MONTGOMERY — A number of races are on the primary ballot next week but one of the biggest decisions coming out of the June 2 election in Daviess County involves Barr-Reeve Community Schools.
Barr-Reeve has a referendum on the ballot that could impact the way the school corporation handles its finances for the next eight years. The question asks the public to support an up to 25 cents per $100 assessed property valuation tax to assist in the day-to-day operations of the school system.
“This will replace the 35 cent tax that we have had in place for the last seven years,” said Barr-Reeve Superintendent Dr. Travis Madison. “That levy is coming off and we are looking to lighten the load with a lesser tax.”
Barr-Reeve is asking for the tax to remain in place over the next eight years.
“We are no longer allowed to have special elections for referendums so by having it run for eight years, we can keep it within the election cycle. Actually, our goal is that after this cycle that we will not need to ask for another referendum again.”
Most school funding for instruction comes from the state of Indiana. But the state tuition support for Barr-Reeve is among the lowest in the state.
“This has given us some flexibility in funding,” said Madison. “When unforeseen things come along this gives us some financial ability to deal with it. We only intend to use what we need. That is what we did under the previous levy. We feel 25 cents is fair for the school and our taxpayers.”
Barr-Reeve officials point out that the money from the referendum will not go toward the building project. Funding for that has already been secured.
“We are going to use this money to do what we have done before,” said Madison. “It will go toward lowering class sizes, paying for our extra-curricular coaches and sponsors and our school resource officer.”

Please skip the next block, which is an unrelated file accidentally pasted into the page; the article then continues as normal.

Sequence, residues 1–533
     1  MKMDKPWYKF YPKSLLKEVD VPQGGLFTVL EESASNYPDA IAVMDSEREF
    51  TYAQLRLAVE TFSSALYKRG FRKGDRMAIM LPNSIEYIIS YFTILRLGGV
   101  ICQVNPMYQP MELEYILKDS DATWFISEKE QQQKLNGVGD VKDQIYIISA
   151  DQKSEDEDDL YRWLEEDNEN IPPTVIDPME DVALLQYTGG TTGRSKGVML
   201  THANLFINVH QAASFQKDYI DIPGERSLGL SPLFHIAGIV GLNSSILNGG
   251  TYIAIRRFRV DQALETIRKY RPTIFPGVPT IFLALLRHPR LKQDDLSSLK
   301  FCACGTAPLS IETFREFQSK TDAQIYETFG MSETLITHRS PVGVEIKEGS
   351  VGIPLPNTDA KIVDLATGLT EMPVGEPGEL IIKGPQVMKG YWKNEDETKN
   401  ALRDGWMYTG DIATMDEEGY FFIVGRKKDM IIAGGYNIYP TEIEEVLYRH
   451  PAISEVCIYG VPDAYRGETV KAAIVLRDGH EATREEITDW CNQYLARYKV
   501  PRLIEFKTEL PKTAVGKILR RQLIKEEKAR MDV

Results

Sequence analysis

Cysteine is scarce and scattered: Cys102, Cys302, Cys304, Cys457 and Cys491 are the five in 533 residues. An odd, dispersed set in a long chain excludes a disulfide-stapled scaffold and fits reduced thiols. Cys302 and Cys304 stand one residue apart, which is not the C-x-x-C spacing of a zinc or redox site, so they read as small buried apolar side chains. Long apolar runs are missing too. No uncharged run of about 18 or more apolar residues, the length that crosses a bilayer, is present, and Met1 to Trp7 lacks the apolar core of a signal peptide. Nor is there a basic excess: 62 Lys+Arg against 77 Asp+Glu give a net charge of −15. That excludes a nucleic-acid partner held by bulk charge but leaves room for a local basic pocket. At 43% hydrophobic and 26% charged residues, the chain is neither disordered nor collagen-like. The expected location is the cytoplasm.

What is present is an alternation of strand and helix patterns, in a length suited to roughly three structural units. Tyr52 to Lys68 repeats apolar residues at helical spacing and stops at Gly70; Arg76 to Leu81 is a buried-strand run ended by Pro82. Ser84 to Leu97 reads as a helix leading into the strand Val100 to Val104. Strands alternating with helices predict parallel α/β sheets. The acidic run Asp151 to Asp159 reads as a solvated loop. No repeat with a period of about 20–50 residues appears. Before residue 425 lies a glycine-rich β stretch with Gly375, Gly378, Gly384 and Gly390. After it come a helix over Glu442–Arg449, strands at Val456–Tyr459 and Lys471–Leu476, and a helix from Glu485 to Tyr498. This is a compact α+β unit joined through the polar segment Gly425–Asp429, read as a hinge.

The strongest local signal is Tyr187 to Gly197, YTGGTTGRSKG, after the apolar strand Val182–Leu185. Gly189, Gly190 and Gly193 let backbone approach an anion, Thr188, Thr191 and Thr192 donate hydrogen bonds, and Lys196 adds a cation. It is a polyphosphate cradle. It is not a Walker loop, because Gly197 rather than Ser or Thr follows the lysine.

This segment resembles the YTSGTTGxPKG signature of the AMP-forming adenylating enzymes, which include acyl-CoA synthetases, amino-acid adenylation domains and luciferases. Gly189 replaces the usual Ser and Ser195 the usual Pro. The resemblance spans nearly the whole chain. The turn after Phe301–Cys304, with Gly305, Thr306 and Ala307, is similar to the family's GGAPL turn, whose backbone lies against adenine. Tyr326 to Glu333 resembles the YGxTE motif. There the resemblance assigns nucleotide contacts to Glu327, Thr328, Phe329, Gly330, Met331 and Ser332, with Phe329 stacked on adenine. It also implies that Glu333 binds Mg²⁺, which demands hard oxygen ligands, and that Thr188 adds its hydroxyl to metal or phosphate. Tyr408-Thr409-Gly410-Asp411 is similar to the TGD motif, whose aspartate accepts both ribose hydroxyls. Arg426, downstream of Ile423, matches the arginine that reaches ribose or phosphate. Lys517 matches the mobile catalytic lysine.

Barr-Reeve officials had hoped to take their plans for the additional levy to the public, but the coronavirus pandemic got in the way. They were only able to hold one general meeting before restrictions were put on shutting down large gatherings.
“The last time we were able to go to community meetings and talk directly to people,” said Madison. “This time we have not been able to do that. We have been reaching out virtually and trying to answer any questions. Last time I had a good feel on how people would vote. This time we don’t have a clue. We aren’t getting much feedback from the community.”
Madison says his hope is that the community has seen the success the schools have had over the last seven years and will use that as a measuring stick to support the referendum again.
“I hope that now that they are familiar with the process that they will continue with the levy,” said Madison. “Even with the building project and the special levy, tax rates for the Barr-Reeve schools are still going down. I hope they see the return on their investment in the school because the kids are excelling and it is a stable force in the community. I just hope folks see the benefit that the school provides.”
Heading into Tuesday’s vote Madison says he is hopeful that the public will embrace the referendum one more time.
“Because we have heard so little feedback, I’m a little uneasy,” said Madison. “That said I am cautiously optimistic it will pass and we will be able to continue to do the good things we have been able to accomplish with the previous levy.”
The referendum is on the ballot in Barr 1, Barr 2, and Reeve precincts.